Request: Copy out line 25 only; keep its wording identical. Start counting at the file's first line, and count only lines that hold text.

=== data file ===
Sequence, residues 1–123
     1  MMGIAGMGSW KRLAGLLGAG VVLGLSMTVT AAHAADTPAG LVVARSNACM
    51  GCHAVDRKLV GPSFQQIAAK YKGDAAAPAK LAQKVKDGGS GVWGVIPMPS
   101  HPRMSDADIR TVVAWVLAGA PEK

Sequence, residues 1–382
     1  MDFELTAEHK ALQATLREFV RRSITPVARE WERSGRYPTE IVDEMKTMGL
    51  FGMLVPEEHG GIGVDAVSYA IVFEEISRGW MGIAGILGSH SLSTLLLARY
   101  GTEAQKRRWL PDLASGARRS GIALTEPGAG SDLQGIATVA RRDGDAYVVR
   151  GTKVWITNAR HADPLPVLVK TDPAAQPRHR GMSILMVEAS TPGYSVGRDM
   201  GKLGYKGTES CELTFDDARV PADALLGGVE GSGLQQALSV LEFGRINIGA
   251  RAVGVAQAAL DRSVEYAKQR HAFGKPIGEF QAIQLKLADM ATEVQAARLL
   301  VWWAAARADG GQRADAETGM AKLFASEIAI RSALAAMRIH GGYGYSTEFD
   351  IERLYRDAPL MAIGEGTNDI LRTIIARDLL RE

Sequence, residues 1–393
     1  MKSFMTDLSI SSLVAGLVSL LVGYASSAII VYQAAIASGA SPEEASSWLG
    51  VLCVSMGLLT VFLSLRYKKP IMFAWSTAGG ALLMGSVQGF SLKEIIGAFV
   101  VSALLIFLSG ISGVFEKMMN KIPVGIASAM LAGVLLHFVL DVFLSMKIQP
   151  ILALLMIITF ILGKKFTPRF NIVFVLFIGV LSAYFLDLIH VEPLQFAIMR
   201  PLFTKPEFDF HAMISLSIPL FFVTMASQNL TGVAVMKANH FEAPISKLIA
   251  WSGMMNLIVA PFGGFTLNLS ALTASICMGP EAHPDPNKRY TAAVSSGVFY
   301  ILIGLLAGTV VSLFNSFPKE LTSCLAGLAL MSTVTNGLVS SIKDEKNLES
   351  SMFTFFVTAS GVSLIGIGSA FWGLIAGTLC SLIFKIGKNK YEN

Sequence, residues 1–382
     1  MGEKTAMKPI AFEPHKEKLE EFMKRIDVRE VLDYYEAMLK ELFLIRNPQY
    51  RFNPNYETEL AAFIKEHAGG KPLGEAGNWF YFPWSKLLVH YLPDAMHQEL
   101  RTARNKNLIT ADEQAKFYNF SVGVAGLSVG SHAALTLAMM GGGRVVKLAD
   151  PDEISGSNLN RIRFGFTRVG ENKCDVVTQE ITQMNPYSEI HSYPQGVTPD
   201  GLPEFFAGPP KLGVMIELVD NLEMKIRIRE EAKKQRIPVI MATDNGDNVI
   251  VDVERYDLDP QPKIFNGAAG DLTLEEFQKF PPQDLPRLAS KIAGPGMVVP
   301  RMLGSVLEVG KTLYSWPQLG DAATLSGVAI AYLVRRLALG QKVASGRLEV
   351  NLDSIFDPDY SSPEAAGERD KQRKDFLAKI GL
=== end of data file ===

    51  RFNPNYETEL AAFIKEHAGG KPLGEAGNWF YFPWSKLLVH YLPDAMHQEL